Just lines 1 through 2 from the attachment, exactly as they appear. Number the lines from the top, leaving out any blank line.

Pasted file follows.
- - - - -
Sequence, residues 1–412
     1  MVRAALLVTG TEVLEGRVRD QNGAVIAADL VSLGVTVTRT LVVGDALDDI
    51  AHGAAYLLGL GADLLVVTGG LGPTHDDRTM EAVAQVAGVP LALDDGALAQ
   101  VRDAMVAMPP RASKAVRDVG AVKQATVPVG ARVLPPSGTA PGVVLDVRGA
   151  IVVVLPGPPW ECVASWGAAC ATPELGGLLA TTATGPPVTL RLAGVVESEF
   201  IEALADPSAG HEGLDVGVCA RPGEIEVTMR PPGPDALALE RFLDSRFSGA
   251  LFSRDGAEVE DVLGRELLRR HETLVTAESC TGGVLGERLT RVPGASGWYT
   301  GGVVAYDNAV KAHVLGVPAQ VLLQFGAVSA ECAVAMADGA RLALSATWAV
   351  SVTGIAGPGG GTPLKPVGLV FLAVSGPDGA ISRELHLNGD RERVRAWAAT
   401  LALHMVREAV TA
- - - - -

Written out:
Sequence, residues 1–412
     1  MVRAALLVTG TEVLEGRVRD QNGAVIAADL VSLGVTVTRT LVVGDALDDI